5778 Moses and Lady Liberty versus Pharaoh and Latter-Day Nativists

(Emma Lazarus, American-Jewish Poet)
We are Jews by virtue of the stories we tell and the patterns of behavior, grounded in those stories, which we perform. The most fundamental of all of our stories is the saga of the birth of our nation in the iron cauldron of Egyptian slavery, our extraordinary liberation, and our subsequent “Mt. Sinai moment”, where we reached the take off point on our journey through history as one nation, indivisible, under God, with liberty and justice for all.

No wonder that we, as Jews, feel the parallels to the story of the United States of America! Our America is a land where people oppressed in other countries can arrive, pursue their happiness, in keeping with the fundamental rights endowed on all by our Creator, and in so doing build up this country to greatness. That’s the story of your grandparents and mine. They came here as the “wretched refuse of the teeming shores” of countries where they had no citizenship, but only persisting civil disabilities. Upon arrival, they found, not streets paved with gold, but a land of opportunity. They seized those opportunities, worked hard, sacrificed present consumption for the education of their children, and made America better even as they improved their own lives.

Well…. That’s not quite the consensus story of America. Our Jewish parallel is with one particular story of the United States of America. As it turns out, our story as Jewish Americans is often challenged by other stories, also told by Americans, but with a very different moral. A story coming out of both governmental and red-neck circles, with increasing venom, is that we are not quite equal to other Americans. According to this counter-story, the America of the Founders was a Christian country, and since we are not Christians, in some sense, we are not quite first-class Americans. Others, too, suffer from that put-down: Latinos, people of color, those with gender identities other than the majority…

Our Jewish-American story is in line with the constitution of the United States, and with what Dr. King called the arc of history, slowly bending towards justice. America the real was never America the ideal, but in some ways, it has approached it with every advance of liberty, every extension of the voting franchise, every incremental egalitarian transformation of the aristocratic or plutocratic privilege brought here by Old World bigots and selfishly promoted by their American-born followers.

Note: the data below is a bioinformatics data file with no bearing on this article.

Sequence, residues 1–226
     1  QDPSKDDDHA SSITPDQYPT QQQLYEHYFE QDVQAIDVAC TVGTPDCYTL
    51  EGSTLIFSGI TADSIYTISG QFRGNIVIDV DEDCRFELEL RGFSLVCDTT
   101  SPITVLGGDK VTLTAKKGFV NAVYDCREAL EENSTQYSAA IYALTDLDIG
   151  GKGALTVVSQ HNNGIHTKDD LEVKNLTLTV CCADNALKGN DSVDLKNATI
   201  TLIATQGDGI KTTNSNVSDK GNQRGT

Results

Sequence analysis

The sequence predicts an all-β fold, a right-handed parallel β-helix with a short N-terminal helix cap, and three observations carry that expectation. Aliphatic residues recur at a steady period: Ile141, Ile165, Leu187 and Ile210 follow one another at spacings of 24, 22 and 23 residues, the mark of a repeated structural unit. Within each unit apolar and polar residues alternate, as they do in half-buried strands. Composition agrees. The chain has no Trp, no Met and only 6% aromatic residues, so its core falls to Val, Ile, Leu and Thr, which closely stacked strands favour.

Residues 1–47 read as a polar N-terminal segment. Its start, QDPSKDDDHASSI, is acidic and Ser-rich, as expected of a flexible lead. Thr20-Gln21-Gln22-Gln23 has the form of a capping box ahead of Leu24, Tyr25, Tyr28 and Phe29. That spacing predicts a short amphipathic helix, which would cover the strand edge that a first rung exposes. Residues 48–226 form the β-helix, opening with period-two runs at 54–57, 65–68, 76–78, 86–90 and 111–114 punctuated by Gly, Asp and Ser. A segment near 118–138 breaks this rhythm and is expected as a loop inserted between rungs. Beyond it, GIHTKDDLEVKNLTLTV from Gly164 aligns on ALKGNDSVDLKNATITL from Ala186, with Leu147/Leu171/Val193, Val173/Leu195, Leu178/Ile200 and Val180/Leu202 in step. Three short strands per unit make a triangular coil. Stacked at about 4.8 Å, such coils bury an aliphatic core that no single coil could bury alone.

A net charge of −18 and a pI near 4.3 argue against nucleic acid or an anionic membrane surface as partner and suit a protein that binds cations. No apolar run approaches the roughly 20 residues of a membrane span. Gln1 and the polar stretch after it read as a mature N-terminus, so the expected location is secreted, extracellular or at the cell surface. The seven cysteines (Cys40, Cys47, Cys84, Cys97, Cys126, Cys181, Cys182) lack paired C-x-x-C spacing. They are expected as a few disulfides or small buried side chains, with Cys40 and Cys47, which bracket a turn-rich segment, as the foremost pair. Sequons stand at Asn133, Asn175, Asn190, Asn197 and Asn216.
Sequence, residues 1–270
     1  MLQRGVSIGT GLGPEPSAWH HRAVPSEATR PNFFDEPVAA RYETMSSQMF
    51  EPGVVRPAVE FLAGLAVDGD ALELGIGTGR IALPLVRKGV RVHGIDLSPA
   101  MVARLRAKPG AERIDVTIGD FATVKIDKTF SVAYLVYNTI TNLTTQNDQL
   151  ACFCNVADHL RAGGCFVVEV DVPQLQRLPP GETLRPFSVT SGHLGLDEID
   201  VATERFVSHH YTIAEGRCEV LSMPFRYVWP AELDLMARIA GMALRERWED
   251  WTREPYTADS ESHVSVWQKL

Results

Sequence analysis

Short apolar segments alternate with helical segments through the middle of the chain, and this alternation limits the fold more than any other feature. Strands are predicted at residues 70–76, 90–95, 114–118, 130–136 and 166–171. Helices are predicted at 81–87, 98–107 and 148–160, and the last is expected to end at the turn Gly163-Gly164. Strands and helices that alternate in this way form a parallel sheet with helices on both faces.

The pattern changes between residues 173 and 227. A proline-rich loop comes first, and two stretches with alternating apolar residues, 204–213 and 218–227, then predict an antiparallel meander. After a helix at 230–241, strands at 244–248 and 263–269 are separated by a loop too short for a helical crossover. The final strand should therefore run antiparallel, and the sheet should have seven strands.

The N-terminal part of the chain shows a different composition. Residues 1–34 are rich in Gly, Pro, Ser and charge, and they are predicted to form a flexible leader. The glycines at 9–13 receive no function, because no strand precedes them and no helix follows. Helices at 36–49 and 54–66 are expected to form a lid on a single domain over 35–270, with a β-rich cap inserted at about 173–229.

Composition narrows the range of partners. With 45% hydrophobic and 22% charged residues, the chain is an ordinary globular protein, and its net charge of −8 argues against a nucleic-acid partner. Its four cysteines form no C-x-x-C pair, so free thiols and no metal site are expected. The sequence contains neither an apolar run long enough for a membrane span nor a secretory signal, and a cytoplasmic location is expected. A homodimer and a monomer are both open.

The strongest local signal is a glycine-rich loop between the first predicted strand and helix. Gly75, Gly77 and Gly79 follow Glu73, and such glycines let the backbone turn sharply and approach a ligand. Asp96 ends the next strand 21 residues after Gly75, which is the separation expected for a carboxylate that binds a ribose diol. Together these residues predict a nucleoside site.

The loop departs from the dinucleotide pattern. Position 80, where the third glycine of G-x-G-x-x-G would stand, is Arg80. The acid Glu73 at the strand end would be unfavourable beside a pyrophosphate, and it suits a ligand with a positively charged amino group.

Our story of America is grounded in our story of the Exodus. As a Jew, I believe that our story is the correct one, because the Bible clearly shows us where the roots of the counter-story, the bigots’ story, lie. Those who think that Jews are not full-fledged Americans, even if they go to Church every Sunday, are not followers of Moses. They are followers of Pharaoh:

Pharaoh began the enslavement of the Israelites by a demagogic appeal to the nativism of Egyptians: those foreigners are growing too numerous for us! Let us deal shrewdly with them, lest they harm our country!

Pharaoh’s words were echoed by the immigration restrictionists in Congress, one hundred years ago, who succeeded in slamming the door to this country, barring most of the people arriving from “undesirable” countries (I won’t stoop to repeating the words attributed to the president about such countries). Then, as now, nativists wanted Nordic immigrants. The leading American nativist of a century ago, Madison Grant, warned that unrestricted immigration would lead to “The Passing of the American Race”, which, of course, meant the race of White, Anglo-Saxon, Protestants.

The answer to Pharaoh was given by God, through Moses: “You shall be a kingdom of priests [all of you, first-class citizens], and a holy nation”. Much later, the answer to the Madison Grants of this country was penned by the Jewish poet Emma Lazarus and inscribed at the base of the Statue of Liberty:

“Give me your tired, your poor,
Your huddled masses yearning to breathe free,
The wretched refuse of your teeming shore.
Send these, the homeless, tempest-tossed, to me:
I lift my lamp beside the golden door.”

Shabbat Shalom

Rabbi Michael Panitz

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